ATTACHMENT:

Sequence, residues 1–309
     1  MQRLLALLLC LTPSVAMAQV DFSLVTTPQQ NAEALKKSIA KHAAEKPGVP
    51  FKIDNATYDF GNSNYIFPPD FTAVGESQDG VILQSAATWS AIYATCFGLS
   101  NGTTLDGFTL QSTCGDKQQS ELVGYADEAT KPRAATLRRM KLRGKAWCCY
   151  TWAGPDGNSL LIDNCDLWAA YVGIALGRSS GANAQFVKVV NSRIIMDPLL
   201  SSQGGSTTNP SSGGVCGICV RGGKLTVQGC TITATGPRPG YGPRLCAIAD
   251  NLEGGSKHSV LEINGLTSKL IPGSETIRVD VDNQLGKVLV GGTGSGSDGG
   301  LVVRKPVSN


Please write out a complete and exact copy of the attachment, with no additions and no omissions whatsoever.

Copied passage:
Sequence, residues 1–309
     1  MQRLLALLLC LTPSVAMAQV DFSLVTTPQQ NAEALKKSIA KHAAEKPGVP
    51  FKIDNATYDF GNSNYIFPPD FTAVGESQDG VILQSAATWS AIYATCFGLS
   101  NGTTLDGFTL QSTCGDKQQS ELVGYADEAT KPRAATLRRM KLRGKAWCCY
   151  TWAGPDGNSL LIDNCDLWAA YVGIALGRSS GANAQFVKVV NSRIIMDPLL
   201  SSQGGSTTNP SSGGVCGICV RGGKLTVQGC TITATGPRPG YGPRLCAIAD
   251  NLEGGSKHSV LEINGLTSKL IPGSETIRVD VDNQLGKVLV GGTGSGSDGG
   301  LVVRKPVSN